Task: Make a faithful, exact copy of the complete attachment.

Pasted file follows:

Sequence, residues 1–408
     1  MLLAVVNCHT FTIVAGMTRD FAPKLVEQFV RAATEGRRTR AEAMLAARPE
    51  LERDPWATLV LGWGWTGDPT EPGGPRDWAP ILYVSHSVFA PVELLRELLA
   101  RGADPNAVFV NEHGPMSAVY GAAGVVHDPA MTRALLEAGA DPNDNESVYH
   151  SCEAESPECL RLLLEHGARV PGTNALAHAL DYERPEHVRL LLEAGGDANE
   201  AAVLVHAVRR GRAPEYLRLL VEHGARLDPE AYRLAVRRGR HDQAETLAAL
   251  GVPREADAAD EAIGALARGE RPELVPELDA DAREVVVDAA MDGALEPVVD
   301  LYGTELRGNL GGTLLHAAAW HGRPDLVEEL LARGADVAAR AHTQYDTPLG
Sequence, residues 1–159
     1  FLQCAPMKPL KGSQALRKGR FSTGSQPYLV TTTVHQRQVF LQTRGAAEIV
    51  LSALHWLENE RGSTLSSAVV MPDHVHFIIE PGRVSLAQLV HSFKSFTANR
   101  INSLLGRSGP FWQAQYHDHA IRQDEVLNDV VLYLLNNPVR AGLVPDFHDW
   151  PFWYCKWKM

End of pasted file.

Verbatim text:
Sequence, residues 1–408
     1  MLLAVVNCHT FTIVAGMTRD FAPKLVEQFV RAATEGRRTR AEAMLAARPE
    51  LERDPWATLV LGWGWTGDPT EPGGPRDWAP ILYVSHSVFA PVELLRELLA
   101  RGADPNAVFV NEHGPMSAVY GAAGVVHDPA MTRALLEAGA DPNDNESVYH
   151  SCEAESPECL RLLLEHGARV PGTNALAHAL DYERPEHVRL LLEAGGDANE
   201  AAVLVHAVRR GRAPEYLRLL VEHGARLDPE AYRLAVRRGR HDQAETLAAL
   251  GVPREADAAD EAIGALARGE RPELVPELDA DAREVVVDAA MDGALEPVVD
   301  LYGTELRGNL GGTLLHAAAW HGRPDLVEEL LARGADVAAR AHTQYDTPLG
Sequence, residues 1–159
     1  FLQCAPMKPL KGSQALRKGR FSTGSQPYLV TTTVHQRQVF LQTRGAAEIV
    51  LSALHWLENE RGSTLSSAVV MPDHVHFIIE PGRVSLAQLV HSFKSFTANR
   101  INSLLGRSGP FWQAQYHDHA IRQDEVLNDV VLYLLNNPVR AGLVPDFHDW
   151  PFWYCKWKM